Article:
May 11, 2022

What everything we created, we created to change behavior?


People resist change for many reasons.

There’s the fear of losing control, the horror of uncertainty, the love of habit, the worry of losing face, the concern of feeling stupid, the aversion to more work and the previous resentment about change.

There’s no denying that the human resistance to change is very real.

But people are far more adaptable than they realize. The ability to change is hardwired into our species. From an evolutionary standpoint, people possess an instinct to change as a survival mechanism.

This is good news for creative people. Because if you examine patterns in innovation history, the best products in the world are the ones that lubricate the process of transformation. They create environments that allow customers to engage in behaviors that make it easier and more likely that they will change themselves.

Innovations ask customers to become better versions of who they are.

Uber created a product that changed millions of people’s behavior. Almost immediately. Probably without them even realizing it.

Think about your first few rides. You likely began acting differently in multiple ways. The app shaped the way you found transportation. The dashboard camera shaped the way you behaved insides the cars. The star rating system shaped the way you treated drivers. The mobile interface shaped the way you paid for rides.

Even this revolutionary idea of ridesharing itself changed your behavior outside of the car. Multiple studies have shown that people are less tempted to drink and drive if they have an easier, safer way to get home after a night out.

And they say people don’t change. Hogwash.

Evidently, if you give customers the right information and experience, they can change their attitudes, which in turn can transform their behaviors.

Now, making that lasting change in behavior involves a substantial commitment of time and effort. Expecting the effects to be instantaneous is naive, both on the part of creators and consumers.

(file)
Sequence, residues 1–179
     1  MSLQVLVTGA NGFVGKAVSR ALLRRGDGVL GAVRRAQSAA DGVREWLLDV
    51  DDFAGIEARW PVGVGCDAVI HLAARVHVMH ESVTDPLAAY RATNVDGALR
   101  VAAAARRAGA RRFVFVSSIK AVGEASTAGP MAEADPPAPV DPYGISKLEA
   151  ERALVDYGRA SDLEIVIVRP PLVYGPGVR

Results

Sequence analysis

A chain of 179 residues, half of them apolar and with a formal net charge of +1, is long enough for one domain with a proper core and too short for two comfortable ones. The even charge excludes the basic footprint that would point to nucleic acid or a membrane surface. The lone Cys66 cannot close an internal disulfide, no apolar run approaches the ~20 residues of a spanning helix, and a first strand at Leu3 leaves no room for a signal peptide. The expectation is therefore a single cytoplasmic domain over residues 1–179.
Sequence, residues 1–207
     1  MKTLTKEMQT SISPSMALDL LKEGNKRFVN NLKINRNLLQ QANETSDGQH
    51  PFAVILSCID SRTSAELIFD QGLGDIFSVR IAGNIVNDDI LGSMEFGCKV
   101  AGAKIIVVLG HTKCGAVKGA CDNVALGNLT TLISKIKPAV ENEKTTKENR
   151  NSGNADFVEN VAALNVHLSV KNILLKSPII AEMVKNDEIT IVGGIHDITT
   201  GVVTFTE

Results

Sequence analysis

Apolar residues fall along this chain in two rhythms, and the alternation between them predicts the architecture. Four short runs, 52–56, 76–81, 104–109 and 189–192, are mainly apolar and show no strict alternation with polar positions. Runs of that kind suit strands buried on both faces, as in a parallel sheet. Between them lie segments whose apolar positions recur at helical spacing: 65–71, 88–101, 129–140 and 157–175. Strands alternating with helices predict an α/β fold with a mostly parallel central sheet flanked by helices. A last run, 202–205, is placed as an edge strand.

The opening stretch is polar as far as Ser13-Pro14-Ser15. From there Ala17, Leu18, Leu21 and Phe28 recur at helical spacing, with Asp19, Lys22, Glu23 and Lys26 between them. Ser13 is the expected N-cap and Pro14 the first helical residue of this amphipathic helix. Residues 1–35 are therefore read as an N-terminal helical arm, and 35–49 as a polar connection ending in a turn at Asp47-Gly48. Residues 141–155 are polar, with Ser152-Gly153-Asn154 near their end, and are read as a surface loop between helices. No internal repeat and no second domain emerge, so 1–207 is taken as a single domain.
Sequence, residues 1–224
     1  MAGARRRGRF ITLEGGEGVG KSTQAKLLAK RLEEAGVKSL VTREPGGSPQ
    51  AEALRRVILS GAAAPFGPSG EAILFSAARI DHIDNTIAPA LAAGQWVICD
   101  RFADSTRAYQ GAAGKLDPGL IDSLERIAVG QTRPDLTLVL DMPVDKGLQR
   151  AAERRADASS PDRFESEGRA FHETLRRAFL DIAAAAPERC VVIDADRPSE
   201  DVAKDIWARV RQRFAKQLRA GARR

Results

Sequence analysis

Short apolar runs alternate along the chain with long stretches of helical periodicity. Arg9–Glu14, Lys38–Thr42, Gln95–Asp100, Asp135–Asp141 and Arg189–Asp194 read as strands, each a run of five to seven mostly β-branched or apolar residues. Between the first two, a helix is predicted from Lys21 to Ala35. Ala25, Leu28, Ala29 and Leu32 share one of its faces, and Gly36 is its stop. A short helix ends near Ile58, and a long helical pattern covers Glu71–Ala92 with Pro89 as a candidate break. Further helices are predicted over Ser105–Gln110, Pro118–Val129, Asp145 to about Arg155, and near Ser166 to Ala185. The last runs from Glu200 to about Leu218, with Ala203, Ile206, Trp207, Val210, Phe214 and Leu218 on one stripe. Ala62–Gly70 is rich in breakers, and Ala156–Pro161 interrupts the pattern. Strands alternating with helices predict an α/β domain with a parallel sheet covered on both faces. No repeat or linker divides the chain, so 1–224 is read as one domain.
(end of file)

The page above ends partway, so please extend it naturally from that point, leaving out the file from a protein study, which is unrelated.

Change is not an easy ask.

But it’s not an unreasonable ask either.

Shrager writes in his groundbreaking book on innovation that the real purpose of business is to profitably transform a customer. His research found that successful innovators strive to observe and understand how their customers evolve. They ask users to tolerate and embrace new values, skills, behaviors, vocabularies, ideas, expectations and aspirations. That’s how they take customers to places they can’t even imagine.

How are you designing for behavior change? How do your products create the conditions that allow customers to become better versions of themselves?

One of my colleagues, who runs member services for an exclusive online community, flat out asks people how they’re going to change now that they’ve joined. In one of her onboarding modules with new members, the question she poses goes like this

What do you think will be different about you six months from now as a result of joining our community?

What’s cool about this interaction is, she’s putting the onus on the members. She’s helping them enroll themselves into future habit change. Because she knows that events alone don’t change people, people change themselves when the decide to think differently. When they have some skin in the game. Ultimately, this level of commitment reduces member churn and builds a highly engaged community.

Lesson learned, we accept as creators that we’re asking customers to change their behavior any time they interact with our product. And those customers may not have the foresight to see how our new innovations will eventually change their routines, so part of our job is making sure our products continue to contribute to the behavior we believe is better for the world.

We keep lowering the cognitive burden of our environment, making the things people already do easier, so that change flows naturally as a result.

What everything you created, you created to change behavior?